From G.I.R.L. to M.D.
Fifteen years ago, Dr. Kristen Navarette stood before her Girl Scout troop, friends, and family and received the highest honors available to Girl Scouts, the Gold Award. Since then, she’s launched a successful career as a pediatrician with a deep passion for literacy initiatives at Albany Medical Center. Today, she’s raising her own Girl Scouts and volunteers as her daughter’s troop leader with Troop 1143 in East Greenbush, NY.
The old adage, “it takes a village” rings true for Navarette. “Great things are never accomplished alone,” she says. “Big problems are never solved by a single person; it always requires working with a team. Working together is something I’ve had to do in every step of my journey, and something I first learned as a Girl Scout.”
To accomplish her Gold Award, Kristen had to rely on school clubs, youth ministry members, and yes, even her mom. Now, as a pediatrician, she isn’t able to successfully care for patients without a team of staff and nurses, pharmacists, and other healthcare professionals.
“I am constantly reminded just how many people it takes to carry out such a large program,” she says. “While your projects may seem small, you do exactly what all those professionals in government, medicine, and business have to do: work as a team.”
Earning a Gold Award is no small feat. In fact, only about six percent of eligible girls earn it. The reality is that high school girls are faced with serious choices to make, careers to consider, futures to ponder. At the same time they are faced with these decisions, girls are navigating a complicated social and academic path.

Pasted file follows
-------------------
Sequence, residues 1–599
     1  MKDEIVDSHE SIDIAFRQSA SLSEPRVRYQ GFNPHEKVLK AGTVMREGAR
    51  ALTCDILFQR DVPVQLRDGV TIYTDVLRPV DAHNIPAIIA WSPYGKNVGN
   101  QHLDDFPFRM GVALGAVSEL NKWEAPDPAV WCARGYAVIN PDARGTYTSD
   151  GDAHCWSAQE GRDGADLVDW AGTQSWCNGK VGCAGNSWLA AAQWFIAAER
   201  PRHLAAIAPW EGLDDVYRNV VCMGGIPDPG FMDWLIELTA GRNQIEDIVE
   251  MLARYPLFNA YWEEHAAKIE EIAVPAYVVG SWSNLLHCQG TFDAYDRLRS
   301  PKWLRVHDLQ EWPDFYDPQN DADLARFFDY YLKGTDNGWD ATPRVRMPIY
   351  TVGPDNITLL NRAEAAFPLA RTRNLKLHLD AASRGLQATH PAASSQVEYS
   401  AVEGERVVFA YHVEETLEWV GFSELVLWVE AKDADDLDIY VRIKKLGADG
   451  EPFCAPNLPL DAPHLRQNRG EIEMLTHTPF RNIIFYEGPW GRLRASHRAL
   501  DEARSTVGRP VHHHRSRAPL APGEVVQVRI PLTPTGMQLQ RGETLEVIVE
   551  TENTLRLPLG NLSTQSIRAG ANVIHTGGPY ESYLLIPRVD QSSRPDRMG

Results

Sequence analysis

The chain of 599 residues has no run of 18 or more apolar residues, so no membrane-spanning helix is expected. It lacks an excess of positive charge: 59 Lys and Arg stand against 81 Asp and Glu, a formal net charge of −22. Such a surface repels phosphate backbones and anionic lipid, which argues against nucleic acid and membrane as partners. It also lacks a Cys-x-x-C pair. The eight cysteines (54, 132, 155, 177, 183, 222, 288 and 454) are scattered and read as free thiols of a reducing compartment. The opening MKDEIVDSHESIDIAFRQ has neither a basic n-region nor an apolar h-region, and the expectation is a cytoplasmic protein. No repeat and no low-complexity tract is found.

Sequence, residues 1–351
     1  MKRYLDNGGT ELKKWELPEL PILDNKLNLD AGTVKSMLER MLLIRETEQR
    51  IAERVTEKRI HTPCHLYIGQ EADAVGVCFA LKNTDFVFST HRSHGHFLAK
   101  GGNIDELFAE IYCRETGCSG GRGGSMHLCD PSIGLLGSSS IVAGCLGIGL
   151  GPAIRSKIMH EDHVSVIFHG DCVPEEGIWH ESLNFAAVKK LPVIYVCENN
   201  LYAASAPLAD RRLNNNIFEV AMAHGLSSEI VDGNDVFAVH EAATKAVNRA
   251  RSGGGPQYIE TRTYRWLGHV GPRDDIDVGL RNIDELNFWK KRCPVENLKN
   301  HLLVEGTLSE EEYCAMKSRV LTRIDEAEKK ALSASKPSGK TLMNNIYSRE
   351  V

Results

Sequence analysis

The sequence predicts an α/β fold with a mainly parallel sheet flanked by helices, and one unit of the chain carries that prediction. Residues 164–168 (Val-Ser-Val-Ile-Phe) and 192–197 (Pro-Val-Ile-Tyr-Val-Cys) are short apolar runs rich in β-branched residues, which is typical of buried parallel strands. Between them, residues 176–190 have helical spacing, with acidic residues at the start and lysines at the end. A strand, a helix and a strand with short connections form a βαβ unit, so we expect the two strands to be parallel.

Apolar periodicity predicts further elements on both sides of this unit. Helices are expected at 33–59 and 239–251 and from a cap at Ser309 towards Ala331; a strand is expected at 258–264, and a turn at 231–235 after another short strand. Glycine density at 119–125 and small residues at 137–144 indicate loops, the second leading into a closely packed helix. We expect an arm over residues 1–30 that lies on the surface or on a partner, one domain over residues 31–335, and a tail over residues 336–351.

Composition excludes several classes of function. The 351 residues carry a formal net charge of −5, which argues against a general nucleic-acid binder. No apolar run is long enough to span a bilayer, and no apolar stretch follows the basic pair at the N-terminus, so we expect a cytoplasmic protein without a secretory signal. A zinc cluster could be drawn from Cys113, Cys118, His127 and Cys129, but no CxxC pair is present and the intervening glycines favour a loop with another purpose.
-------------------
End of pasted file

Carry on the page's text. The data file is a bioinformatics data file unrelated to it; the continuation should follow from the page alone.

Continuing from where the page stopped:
“I was a senior in high school, taking college level courses, applying to really challenging combined college-medical programs, and here was my Gold Award Project sitting in front of me, hundreds of donations piled around, and I had no idea how we would get all this done,” reflects Kristen. “In fact, I told my mom I was ready to give all of it up: college, my Gold Award, everything.”
But she didn’t. “I took a deep breath, found a new way to solve the problem, and just kept going.” She kept going all the way to Thailand, where in 2005 she helped rebuild homes after the Tsunami destroyed villages. It’s where she discovered her passion for children’s health and set the course for her professional career.
When Kristen was a child, she was terrified of fire. Her Gold Award project was the first time she faced her fear and turned into something she was passionate about. Her project involved making care packages for displaced families. She chose it because a close family friend had their home destroyed by a fire.
That was when I first learned about how important that passion was,” she says. “When I had those hard times, I reminded myself why I was doing this, and that I didn’t want someone like my family friend to have that experience ever again.”
She was working in Uganda when she had to tap into her passion once again. While creating a children’s health program, the project lost a member and was in jeopardy of failing. “I was passionate to find a way to make it work. I didn’t want any more little girls to die, like the one who had inspired our project in the first place, after her mother didn’t understand the medicine she gave was dangerous for children. The passion behind your project is the most critical foundation for your journeys in life.”
To this day, Kristen draws on the courage and confidence she learned as a Girl Scout to overcome personal and professional challenges. She encourages girls to do the same whether earning a Gold Award, going to college, starting a job or a new business, becoming an artist or an innovator or running for office.